Trinidad and Tobago Prime Minister, Dr. Keith Rowley on Monday expressed concern that Guyana’s Court of Appeal in effect ruled that the 15-nation Caribbean Community (CARICOM) breached Guyana’s laws by agreeing to supervise a recount of the country’s votes cast in last month’s general elections although the stated intention was never to interfere in the process.
Recalling that the informal agreement between President David Granger and Opposition Leader Bharrat Jagdeo would supervise the recount under the auspices of the Guyana Elections Commission and “would not engage themselves in the actual counting of ballots” but to ensure that the recount would be done in a “free, fair and transparent and credible manner – meaning scrutiny.” “It specifically says that CARICOM would not engage themselves in the actual counting of ballots but because the word ‘supervise’ was used in the sentence before in an understanding that you will be there to see what they do, by the time it was argued in the court, the outcome was that CARICOM had acted illegally and I have a problem with that,” he said.
GECOM was meeting Monday again to decide on the process for conducting the recount and the possible involvement of observers. Already, the Trinidad and Tobago Prime Minister said his country would support a return of the same High-Level team to observe the recount under clear and precise language. “Once a CARICOM presence is requested, that presence should be provided but in this case we are recommending that presence be provided by the same technical team that was there before the Heads went to Guyana…and do not provide an opportunity for this kind of interpretation to happen again,” Rowley told a news conference.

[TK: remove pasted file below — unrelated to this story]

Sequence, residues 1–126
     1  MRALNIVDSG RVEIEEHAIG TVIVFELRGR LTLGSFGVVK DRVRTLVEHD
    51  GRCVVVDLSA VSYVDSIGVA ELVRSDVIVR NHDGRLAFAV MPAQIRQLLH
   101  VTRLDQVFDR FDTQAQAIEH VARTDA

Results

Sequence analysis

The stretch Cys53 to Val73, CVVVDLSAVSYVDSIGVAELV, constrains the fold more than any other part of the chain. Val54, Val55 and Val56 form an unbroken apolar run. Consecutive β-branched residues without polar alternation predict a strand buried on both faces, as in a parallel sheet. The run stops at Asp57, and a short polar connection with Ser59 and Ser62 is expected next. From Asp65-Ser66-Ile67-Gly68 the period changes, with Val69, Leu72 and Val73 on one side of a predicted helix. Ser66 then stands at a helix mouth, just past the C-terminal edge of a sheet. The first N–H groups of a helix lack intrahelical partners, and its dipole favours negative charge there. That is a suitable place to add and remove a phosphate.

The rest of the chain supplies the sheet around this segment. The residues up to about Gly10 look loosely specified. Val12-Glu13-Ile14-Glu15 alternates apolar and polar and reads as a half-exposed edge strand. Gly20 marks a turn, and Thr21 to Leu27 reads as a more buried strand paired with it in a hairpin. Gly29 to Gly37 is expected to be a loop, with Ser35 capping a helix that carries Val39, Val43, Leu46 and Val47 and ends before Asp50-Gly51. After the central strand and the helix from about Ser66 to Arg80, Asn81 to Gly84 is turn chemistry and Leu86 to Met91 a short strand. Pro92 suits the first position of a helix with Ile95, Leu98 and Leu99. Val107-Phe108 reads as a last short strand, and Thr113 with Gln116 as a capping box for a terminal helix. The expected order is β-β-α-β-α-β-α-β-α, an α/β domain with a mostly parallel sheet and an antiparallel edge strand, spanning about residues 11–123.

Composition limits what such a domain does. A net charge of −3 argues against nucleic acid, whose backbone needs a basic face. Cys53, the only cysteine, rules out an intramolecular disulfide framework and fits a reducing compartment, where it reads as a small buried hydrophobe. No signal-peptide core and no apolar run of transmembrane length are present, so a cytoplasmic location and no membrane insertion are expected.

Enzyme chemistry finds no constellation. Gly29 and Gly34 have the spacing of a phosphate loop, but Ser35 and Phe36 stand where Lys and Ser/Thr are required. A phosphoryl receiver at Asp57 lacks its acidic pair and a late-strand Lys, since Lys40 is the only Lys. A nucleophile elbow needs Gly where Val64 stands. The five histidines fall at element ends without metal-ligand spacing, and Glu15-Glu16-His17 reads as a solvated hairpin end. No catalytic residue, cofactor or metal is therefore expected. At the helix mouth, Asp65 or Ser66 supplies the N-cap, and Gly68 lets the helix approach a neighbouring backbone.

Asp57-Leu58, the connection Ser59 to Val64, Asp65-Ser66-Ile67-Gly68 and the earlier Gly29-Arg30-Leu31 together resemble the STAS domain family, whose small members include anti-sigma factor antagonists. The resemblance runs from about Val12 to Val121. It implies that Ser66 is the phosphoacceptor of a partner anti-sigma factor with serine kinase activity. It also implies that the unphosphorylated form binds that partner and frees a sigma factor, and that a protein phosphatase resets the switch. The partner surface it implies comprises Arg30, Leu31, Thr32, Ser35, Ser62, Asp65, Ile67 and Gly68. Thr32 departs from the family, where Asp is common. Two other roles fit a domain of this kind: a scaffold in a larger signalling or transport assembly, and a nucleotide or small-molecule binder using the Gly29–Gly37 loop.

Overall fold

The Independent High-Level Mission is composed of Ms Angela Taylor, Chief Electoral Officer, Barbados; Mr Anthony Boatswain, former Finance Minister, Grenada; Ms Francine Baron, Chair of the Team and former Attorney General and Foreign Minister, Dominica; Ms Fern Nacis-Scope, Chief Elections Officer, Trinidad and Tobago; Ms Cynthia Barrow-Giles, Senior Lecturer, Department of Government, University of the West Indies (UWI).
After almost four days in Guyana, the CARICOM team left Guyana on March 17 following a High Court injunction that had been obtained by A Partnership for National Unity+Alliance For Change (APNU+AFC) candidate, Ulita Moore, while the court had heard a judicial review into whether GECOM could have agreed to a CARICOM-supervised recount.
The Guyana Court of Appeal had relied on a press release that had been issued by GECOM stating that CARICOM would have supervised the recount.
Prior to the high-level team’s arrival, CARICOM Chairman, Barbados’ Prime Minister Mia Mottley had led a team to Guyana that had included Rowley, Grenada’s Prime Minister, Dr. Keith Mitchell; Dominica’s Prime Minister, Roosevelt Skerrit and St. Vincent and the Grenadines Prime Minister, Ralph Gonsalves.
International and Caribbean observers as well as ambassadors of the United States, Britain and Canada had called into grave question the transparency and credibility of the tabulation process for the votes in Region Four (Demerara-Mahaica).